Corpse Flower

Context

  • The excitement surrounding the corpse flower, also known by its scientific name Amorphophallus titanum, is not unfounded considering that the ultra-rare plant is known to bloom only once every seven to ten years. The flower is also considered to be one of the largest in the world.

  • While the plant is native to Indonesia, its saplings have been cultivated in zoos, botanical gardens and greenhouses around the world over the years.

What is the ‘corpse flower’?

  • The ‘corpse flower’ is a flowering plant, which is native to the rainforests of Sumatra in Indonesia. The scientific name of the rare plant, Amorphophallus titanum, quite literally translates to giant, misshapen phallus — presumably due to its appearance.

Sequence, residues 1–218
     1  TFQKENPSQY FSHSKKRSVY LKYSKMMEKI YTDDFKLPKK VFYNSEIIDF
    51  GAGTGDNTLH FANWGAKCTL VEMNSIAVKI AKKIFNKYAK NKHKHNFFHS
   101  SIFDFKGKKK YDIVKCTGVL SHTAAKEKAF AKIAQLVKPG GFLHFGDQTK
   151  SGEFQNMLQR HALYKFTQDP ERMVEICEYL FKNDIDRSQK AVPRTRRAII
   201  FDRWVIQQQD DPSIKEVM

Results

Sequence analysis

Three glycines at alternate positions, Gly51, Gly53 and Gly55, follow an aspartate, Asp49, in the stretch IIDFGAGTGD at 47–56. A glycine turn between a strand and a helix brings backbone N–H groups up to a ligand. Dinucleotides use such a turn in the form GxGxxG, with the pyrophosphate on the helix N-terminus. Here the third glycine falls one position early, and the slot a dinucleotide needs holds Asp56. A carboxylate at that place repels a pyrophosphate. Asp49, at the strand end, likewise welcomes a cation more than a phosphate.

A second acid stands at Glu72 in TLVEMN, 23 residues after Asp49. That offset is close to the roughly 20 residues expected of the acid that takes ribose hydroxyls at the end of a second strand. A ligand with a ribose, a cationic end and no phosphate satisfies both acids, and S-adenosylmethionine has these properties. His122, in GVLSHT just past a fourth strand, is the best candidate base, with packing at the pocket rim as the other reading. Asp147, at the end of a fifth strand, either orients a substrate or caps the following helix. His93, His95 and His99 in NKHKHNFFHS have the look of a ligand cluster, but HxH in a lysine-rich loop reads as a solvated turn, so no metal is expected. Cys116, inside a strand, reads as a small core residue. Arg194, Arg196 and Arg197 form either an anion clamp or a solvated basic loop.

• The corpse flower is known to be one of the world’s largest ‘unbranched inflorescence’ or a stalk bearing a cluster of flowers. The average corpse flower has a lifespan of about three-four decades. World's largest flower Amorphophallus Titanum bloomed at Jindai Botanical Gardens in Tokyo
  • Apart from its appearance, the flower is known for its pungent stench, which is said to be similar to rotting meat or a decaying cadaver. The plant emits the distinct smell only when it is in bloom, which happens once every 10 years or so and only for a brief period of time.
  • The corpse flower has its distinct smell for a reason. It is also known as a Carrion flower, or a flower that emits a heady odour in order to attract pollinating insects in the wild such as scavenging flies and beetles.
  • The flowers of the plant are pollinated by scavenging insects, which are drawn to it due to its odour.
  • It was listed as an endangered plant in 2018 by the International Union for Conservation of Nature (IUCN).

Source: Indian Express


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